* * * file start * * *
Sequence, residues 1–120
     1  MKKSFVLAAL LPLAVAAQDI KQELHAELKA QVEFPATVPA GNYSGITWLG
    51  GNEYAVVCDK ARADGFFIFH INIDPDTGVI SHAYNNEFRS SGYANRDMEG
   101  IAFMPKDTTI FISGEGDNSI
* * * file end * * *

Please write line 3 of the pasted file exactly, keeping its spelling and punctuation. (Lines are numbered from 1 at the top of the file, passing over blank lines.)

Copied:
    51  GNEYAVVCDK ARADGFFIFH INIDPDTGVI SHAYNNEFRS SGYANRDMEG